Chimney Safety

Use your chimney wisely! 

Have you ever heard the old story that a good way to clean creosote from a chimney is to have a good chimney fire? Well, don't you believe it! Chimney fires can be your worst enemy. As the popularity of heating with wood continues to grow, so does the rate of house fires. In fact, wood stoves (and fireplace inserts) are a significant cause of house fires nationwide. These fires fall into two categories—those resulting from improper installation, and those resulting from chimney abuse and neglect.  

After the appliance is correctly installed and properly inspected, chimney abuse and neglect become the danger. Chimney abuse is strictly a user problem. Even the safest installation will cause a fire if the chimney is not properly maintained.  

Chimneys fall into two categories; site-built (masonry) and factory-built (metal). Properly made, installed, and maintained, either type will provide many years of safe service. If not properly maintained, either kind becomes a time bomb, waiting for the moment when it will create a disaster.  

What is the proper maintenance of a chimney? It begins with carefully selecting the kind of wood you will burn. The harder the wood, the smaller the creosote release into the chimney will be. Then curing that wood becomes important. Wood that is allowed to cure for three to six months after cutting and splitting will yield more heat and less creosote.  

Maintaining proper flue temperatures is also a part of good chimney maintenance. Creosote condenses onto cold chimneys while properly heated chimneys will trap much less. So burn an open fire until good flue temperatures are achieved, then make sure the fire burns hot enough to maintain those temperatures.
Any chimney should be thoroughly cleaned at least once a year. Chimneys that get a lot of use will require more frequent cleaning. Remember, soot and creosote buildup in the chimney is what flue fires are made of. Keep it clean, and you have protected yourself from this danger.  

More safety tips


Burn only wood or other recommended solid fuels.
Do not start the fire by using flammable liquids.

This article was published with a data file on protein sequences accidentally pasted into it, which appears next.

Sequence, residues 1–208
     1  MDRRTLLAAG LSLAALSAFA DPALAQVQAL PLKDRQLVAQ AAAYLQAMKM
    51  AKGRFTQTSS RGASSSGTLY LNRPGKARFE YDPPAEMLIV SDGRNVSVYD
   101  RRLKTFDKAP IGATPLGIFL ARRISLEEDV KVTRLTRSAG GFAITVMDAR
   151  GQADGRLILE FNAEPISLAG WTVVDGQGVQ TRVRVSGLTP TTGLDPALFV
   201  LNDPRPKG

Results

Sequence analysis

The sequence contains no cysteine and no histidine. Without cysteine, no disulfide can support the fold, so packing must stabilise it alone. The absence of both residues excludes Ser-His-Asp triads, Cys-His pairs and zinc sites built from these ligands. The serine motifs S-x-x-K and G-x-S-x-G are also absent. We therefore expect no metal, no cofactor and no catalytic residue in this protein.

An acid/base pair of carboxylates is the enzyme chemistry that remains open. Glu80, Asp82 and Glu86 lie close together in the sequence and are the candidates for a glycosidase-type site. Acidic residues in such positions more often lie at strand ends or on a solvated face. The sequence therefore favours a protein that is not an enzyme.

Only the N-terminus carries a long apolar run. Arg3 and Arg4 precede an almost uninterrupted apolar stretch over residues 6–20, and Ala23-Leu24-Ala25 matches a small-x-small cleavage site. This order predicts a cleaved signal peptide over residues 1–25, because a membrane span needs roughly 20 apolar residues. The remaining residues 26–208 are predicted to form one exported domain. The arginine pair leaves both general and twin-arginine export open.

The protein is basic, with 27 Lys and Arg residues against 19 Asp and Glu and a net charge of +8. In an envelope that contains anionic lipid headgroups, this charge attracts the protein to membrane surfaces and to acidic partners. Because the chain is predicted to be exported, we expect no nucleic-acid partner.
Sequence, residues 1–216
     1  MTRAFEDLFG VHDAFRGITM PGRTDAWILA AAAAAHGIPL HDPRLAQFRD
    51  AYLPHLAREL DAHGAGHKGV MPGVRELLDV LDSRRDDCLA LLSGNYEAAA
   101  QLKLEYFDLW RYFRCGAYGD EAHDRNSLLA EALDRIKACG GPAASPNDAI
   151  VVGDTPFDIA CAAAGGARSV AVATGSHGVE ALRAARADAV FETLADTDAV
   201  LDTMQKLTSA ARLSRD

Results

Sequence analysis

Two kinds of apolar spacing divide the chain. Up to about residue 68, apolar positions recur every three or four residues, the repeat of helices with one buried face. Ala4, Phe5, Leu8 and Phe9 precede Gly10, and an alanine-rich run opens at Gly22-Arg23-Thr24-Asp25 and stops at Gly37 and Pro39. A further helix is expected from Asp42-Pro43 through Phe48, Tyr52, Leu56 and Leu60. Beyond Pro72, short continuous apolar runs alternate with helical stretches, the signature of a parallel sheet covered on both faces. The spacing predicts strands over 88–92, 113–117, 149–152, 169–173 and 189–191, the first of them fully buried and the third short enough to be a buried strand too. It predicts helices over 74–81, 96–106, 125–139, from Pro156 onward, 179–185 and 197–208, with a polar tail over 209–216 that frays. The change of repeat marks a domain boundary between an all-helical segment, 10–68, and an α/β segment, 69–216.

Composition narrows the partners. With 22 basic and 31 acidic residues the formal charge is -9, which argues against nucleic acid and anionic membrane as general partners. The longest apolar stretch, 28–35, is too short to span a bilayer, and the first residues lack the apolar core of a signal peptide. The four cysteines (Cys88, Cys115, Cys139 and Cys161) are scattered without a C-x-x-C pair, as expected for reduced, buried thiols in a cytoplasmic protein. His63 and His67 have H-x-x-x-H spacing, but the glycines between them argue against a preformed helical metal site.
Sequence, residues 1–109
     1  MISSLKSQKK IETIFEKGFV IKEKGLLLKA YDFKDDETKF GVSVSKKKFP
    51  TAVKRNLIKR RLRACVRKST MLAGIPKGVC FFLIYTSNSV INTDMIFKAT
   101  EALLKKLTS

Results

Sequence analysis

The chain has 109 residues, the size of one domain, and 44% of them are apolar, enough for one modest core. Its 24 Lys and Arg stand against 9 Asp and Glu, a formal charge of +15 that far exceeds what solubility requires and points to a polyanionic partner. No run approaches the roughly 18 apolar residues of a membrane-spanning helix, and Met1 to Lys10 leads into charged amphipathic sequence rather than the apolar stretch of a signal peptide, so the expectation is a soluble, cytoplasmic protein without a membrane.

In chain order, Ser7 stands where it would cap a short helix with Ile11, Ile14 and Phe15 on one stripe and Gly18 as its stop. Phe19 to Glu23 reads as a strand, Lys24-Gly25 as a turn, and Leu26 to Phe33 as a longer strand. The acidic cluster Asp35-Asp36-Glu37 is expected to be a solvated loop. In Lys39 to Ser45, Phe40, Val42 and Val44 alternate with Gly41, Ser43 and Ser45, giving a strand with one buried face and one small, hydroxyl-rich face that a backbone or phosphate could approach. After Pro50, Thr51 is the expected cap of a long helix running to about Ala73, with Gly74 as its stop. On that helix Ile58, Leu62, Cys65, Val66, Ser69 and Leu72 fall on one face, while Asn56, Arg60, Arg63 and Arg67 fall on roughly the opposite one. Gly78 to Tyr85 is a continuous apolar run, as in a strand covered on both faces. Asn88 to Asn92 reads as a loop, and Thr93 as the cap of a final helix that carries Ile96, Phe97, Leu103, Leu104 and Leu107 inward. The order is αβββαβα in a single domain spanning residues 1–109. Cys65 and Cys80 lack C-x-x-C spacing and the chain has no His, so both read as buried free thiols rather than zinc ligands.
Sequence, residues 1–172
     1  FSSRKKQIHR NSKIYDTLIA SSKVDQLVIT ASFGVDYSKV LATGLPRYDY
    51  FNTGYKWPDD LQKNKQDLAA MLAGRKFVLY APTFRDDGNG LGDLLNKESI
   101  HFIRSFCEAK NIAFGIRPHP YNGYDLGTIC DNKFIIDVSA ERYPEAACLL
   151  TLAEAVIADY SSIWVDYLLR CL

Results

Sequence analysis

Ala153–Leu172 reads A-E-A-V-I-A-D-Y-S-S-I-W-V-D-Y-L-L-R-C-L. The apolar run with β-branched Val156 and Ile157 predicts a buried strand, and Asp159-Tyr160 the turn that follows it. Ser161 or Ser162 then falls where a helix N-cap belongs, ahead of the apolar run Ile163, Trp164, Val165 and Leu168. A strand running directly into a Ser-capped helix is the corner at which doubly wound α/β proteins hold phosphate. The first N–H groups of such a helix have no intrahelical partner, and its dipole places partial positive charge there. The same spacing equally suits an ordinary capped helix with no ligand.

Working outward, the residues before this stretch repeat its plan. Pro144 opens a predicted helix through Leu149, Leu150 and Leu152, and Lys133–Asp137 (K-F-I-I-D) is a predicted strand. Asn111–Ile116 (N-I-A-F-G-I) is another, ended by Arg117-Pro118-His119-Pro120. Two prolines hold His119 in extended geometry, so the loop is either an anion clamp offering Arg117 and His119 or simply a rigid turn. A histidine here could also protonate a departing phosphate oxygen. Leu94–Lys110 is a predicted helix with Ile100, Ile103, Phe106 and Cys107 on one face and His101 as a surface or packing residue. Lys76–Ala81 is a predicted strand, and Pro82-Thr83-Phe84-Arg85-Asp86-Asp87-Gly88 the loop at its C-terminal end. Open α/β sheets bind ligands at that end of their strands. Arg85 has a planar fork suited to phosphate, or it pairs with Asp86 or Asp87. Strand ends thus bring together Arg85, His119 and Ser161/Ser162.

Be sure NOT to add insulation in the air spaces around a fireplace or chimney. These air spaces are needed for proper air flow.
Have smoke detectors installed and keep a multipurpose (A-B-C) fire extinguisher nearby.
If a chimney fire does occur, in all cases call the fire department immediately!!! Get others out of the house!
After a chimney fire, be sure to have the chimney or stove inspected for damage before using it again. 
 

Ash Disposal

Using the correct container is a surefire cure for ash disposal fires. Grocery bags will in many cases ignite just a few hours after they have been filled with ashes and stored in the garage. Cold ashes many times conceal hot embers within. These embers can smolder for days. When they come in contact with the bag, fire results.
Plastic trash containers are absolutely no good for ash removal. Even if the plastic trash can is lidded, the hot embers touch the side of the container, melt through, let in air, and when the air mixes with the melted plastic, a very hot fire quickly results.
Use a metal container with a lid! Place your ashes in the container, lid it, and place it away from walls, papers, and other flammables. Let it sit for a week at least before you dispose of it. In many cases, hot ashes dumped on a compost heap will start a fire with the first gust of wind. Give your ashes time to cool and dispose of them safely.


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